The people who truly understand the value of modern-day cataract removal are the patients, according to Mr. Largent. During the last 20 years, they were completely removed from the value proposition. "Prior to CMS' ruling, we only had one buyer—Medicare—and they ultimately set the pricing for not only Medicare recipients, but all patients, since private insurers pretty much followed the Medicare standard," Mr. Largent commented. "You had one buyer making all the rules, and their focus was to reduce their costs because of pressures that the Medicare budget faced as the numbers of beneficiaries grew and the array of available treatments and technologies grew. Medicare got to name the price, which was not going to increase, no matter how much the procedure and associated technologies improved." He explained that the saving grace of the CMS' decision was that the value proposition was returned to the patient. Surgeons benefit, because they may now charge the market rate for their presbyopia-correcting services.

"Industry is again invigorated with numerous new technologies targeting the baby boomer population," Mr. Largent added. "Venture capital is again flowing into IOL development, something that had completely stopped during the 1990s."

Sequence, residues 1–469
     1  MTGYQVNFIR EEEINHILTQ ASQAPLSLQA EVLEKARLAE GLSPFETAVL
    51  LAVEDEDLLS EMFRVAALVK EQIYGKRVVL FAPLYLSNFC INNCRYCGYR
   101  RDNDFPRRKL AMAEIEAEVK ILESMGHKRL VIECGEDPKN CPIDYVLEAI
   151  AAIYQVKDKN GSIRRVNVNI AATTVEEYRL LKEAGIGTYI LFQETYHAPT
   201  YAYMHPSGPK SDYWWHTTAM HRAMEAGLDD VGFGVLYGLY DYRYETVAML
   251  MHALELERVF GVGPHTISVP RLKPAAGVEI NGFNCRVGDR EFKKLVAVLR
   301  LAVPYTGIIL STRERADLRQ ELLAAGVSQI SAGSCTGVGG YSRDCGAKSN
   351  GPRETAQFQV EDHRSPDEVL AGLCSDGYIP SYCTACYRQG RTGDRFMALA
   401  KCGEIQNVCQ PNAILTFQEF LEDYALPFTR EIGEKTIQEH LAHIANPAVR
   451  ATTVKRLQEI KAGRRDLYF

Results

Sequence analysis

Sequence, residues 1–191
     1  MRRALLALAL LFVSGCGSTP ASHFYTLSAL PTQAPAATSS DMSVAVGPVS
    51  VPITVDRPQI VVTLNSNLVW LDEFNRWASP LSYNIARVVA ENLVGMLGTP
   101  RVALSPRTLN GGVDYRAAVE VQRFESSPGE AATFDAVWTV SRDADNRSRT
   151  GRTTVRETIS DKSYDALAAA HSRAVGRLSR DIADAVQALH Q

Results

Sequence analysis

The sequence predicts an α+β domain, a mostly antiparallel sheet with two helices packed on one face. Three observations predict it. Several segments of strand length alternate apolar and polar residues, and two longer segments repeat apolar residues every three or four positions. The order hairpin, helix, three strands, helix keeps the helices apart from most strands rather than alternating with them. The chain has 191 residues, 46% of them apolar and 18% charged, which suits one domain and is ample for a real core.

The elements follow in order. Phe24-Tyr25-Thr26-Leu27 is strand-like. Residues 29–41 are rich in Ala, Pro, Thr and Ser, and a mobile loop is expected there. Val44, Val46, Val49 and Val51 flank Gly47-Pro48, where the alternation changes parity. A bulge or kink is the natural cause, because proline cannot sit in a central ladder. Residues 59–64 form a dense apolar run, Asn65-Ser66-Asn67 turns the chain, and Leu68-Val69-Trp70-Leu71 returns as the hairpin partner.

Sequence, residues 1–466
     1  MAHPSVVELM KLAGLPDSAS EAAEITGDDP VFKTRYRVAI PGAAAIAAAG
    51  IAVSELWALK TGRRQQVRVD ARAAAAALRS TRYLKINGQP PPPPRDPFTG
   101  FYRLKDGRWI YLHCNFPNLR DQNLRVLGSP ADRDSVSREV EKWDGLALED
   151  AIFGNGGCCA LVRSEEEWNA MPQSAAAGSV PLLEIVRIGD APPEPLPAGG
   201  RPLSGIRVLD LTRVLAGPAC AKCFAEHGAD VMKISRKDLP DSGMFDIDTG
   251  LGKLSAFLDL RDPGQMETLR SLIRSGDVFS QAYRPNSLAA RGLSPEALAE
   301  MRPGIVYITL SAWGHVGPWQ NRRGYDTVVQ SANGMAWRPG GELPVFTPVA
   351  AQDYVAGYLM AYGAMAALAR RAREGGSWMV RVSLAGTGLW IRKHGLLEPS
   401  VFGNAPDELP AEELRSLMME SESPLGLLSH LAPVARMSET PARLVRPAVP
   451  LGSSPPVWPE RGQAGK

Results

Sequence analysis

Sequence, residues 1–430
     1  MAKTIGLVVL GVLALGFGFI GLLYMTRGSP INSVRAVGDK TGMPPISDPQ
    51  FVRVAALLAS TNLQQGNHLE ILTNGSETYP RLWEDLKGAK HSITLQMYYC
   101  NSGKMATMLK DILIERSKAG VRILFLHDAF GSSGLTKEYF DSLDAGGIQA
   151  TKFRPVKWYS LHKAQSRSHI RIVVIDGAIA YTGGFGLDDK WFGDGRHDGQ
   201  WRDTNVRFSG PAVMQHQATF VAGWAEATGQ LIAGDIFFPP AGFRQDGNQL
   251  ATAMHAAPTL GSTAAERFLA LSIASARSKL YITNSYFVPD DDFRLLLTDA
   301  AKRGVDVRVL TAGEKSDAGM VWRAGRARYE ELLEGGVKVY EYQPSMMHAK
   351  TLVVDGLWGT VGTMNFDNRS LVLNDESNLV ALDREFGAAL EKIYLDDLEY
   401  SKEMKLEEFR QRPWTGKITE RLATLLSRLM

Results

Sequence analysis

According to Mr. Largent, the two individuals who were instrumental in achieving the CMS' ruling were Chris Cox, the 28th Chairman of the Securities and Exchange Commission and formerly California's Congressman in Eyeonics' district, and Leslie Norwalk, Esq, the Deputy Administrator for the CMS. "Chris Cox is the gentleman that fought the battle and is ophthalmology's best friend," he said. "Leslie Norwalk was the government official that recognized the logic of providing Medicare beneficiaries with the same rights to access the new technology as those patients who are under 65 years old. She championed the policy change within [the] CMS and got the new policy issued."